Wednesday, October 22, 2008

Your Bike's Secret To Speed - Tyres

Forget those expensive titanium bolts or that carbon fiber head stem; if you want to dramatically increase your bike's speed there is a much cheaper and more beneficial way. Having a wiser tyre choice is guaranteed to increase both your rolling speed and handling when matched to the right terrain.

The rotating mass on your rims make the biggest difference when it comes to shedding your bike's weight. This matched with a cunning tread pattern and fast rubber compound poses a great increase in speed and efficiency.


As we've established, weight off your rims makes a great difference in speed. Heavier XC tyres weigh in at more that 700g (1.4kg a pair!) while lighter models can be as slim as 310g (620g a pair). That's a pretty massive saving on rotational weight. If you can find another way to save 780g at a cost of (give or take) $120 than I'd love to hear it!


Rubber tyre compounds vary from hard to soft. Harder compounds are more likely to reduce the rate of wear while softer compounds are usually offer more grip. XC tyres are commonly seen with a softer compound so traction isn't so reliant on the knobs.

Threads per inch (TPI) refers to the tyres casing construction. Higher Quality tyres have a higher count of TPI. The more threads per inch, the lighter the fabric and the more flexible (less rolling resistance) it is.


The sidewall of the tyre has the greatest influence on rolling resistance. When looking at tyres, inspect the sidewalls by folding/rolling them through your fingers. Tyres with more flexible sidewalls generally have less rolling resistance. A good test for comparing rolling resistance is to inflate a tyre on a rim and bounce it, tyres that bounce higher will have less rolling resistance.

Tread Patterns

The tread pattern on your tyres greatly influences how your bike handles in different conditions. Generally a tread with wider spaced knobs offer better grip on things like wet roots/rocks or on sandy/muddy surfaces. These tyres may grip well but on smoother surfaces you may find that their rolling resistance is much higher compared to a tyre with a hardpack specific tread. You will often see that tyres designed for hardpack surfaces will have a tread pattern with a closer and lower profile; they may even have a centre rolling ridge (e.g. Maxxis Crossmark) to reduce rolling resistance further. However, the problem with a centre rolling ridge (or hardpack tread pattern) is that they're generally not very responsive under breaking when riding on looser surfaces. The key to choosing the right tread pattern is to assess the terrain you mostly ride and how fast or grippy you'd like it to be.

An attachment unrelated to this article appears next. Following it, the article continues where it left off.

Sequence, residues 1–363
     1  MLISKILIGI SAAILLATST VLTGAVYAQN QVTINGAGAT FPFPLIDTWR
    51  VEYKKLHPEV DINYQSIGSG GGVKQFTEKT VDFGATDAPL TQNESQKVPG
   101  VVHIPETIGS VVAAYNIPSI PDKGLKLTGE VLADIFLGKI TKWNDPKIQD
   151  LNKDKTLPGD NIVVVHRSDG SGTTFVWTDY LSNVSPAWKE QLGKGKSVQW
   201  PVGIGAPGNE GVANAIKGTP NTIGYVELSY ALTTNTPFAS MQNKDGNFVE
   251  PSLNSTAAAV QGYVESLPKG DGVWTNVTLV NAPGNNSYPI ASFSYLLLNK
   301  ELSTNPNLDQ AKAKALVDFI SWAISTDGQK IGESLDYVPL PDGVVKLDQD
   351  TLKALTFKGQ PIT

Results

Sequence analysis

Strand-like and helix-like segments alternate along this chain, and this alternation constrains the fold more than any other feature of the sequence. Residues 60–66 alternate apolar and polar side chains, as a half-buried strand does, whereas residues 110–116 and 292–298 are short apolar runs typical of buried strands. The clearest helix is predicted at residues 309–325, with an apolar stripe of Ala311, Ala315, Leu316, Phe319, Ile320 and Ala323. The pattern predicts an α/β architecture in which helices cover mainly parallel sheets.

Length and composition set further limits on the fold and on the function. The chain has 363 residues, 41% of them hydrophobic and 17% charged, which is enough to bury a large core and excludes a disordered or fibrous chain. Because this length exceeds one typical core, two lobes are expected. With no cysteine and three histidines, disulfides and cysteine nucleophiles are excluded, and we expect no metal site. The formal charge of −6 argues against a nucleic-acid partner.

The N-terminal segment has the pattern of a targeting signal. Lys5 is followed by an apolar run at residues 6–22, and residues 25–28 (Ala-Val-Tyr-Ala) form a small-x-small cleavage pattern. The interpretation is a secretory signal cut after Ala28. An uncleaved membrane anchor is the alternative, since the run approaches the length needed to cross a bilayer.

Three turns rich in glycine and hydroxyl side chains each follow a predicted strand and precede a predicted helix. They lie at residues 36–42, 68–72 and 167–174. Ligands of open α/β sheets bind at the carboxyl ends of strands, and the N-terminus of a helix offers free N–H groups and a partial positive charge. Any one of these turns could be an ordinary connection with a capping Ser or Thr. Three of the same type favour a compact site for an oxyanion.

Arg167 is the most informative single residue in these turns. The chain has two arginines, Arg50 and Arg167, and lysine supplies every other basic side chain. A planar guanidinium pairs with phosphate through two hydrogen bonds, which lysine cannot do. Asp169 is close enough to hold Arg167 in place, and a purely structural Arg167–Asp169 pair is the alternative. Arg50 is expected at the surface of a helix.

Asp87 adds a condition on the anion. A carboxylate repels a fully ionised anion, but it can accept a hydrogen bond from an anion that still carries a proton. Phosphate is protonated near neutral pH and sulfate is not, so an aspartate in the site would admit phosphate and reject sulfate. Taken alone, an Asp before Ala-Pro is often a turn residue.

Carcass shape (profile)

The carcass shape of your tire is pretty much down to personal preference. The shapes vary between tyre models from fairly square with an edge to more rounded profiles. In my experience, tyres with and edge-like profile offer a responsive bight into corners while rounded profiles tend to roll around the corners. Rounded tyres will slide/drift quite predictably whereas square profiles are more likely to give way under pressure.

Tyre Dimensions

There is no evidence to suggest that a bigger (e.g. 26x2.9 VS 26x2.1) tyre will have less rolling resistance but keep in mind that a bigger tyre may be heavier than a skinnier one. Bigger tyres have more contact area with the ground and can offer more grip than a skinnier model.

Tyre Pressure

It has been confirmed that at below 30psi the rolling resistance is rapidly increased while above 35psi the resistance rate drops off. It is,however important to set your tyre pressure according to your weight and the riding terrain. Lighter people can get away with lower pressures while heavier or faster people need higher pressures to prevent pinch-flats.

Tyres can be the cheapest performance boost or the slowest dead weights you can hook up on your rims so choose wisely!

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Image by Paweł Zawistowski

Monday, October 6, 2008

Mountain Bike Upper Body Strength Training

If you've ever ridden single track at pace, you will know that upper body strength is a crucial element in controlling the bike. This includes your forearms/grip, upper arms, back of the shoulder, upper/lower back, obliques an ultimately your entire core area. I have a sport-specific way to strengthen and condition these muscles without the need for a gym or boring chin-ups; all you need is a bike and a place to ride!

This is a pretty simple exercise, simply put your seat right down low and go for a ride. The aim here is to be climbing and peddling with your bum off the saddle, relying on the leverage provided by your upper body. Riding like this puts a greater demand on your "upper mountain bike muscles" instead of relaxing them on climbs and flats.

How Will This Make You Faster?
Improved upper body strength allows riders to have a much greater control over their bike when tackling rough or technical terrain. This exercise will also increase core strength, especially in the obliques, which when conditioned, will provide a lot of extra power to the peddles by improving your kinetic chain. If squats strengthen your legs, bench press strengthens your pecs and bicep curls strengthen your biceps, climbing out of the saddle strengthens your kinetic chain. Training in this way will give you stronger race starts, make you climb better, give you greater control over the bike and reduce fatigue induced by riding fast.

  • Hill starts, climbing out of the saddle are a good exercise if you don't want to spend your ride with your seat down.
  • find a hill that allows you to climb and then enter a descent immediately once passing the apex. go through this circuit a few times to build core/leverage strength when climbing and grip/handling strength when descending.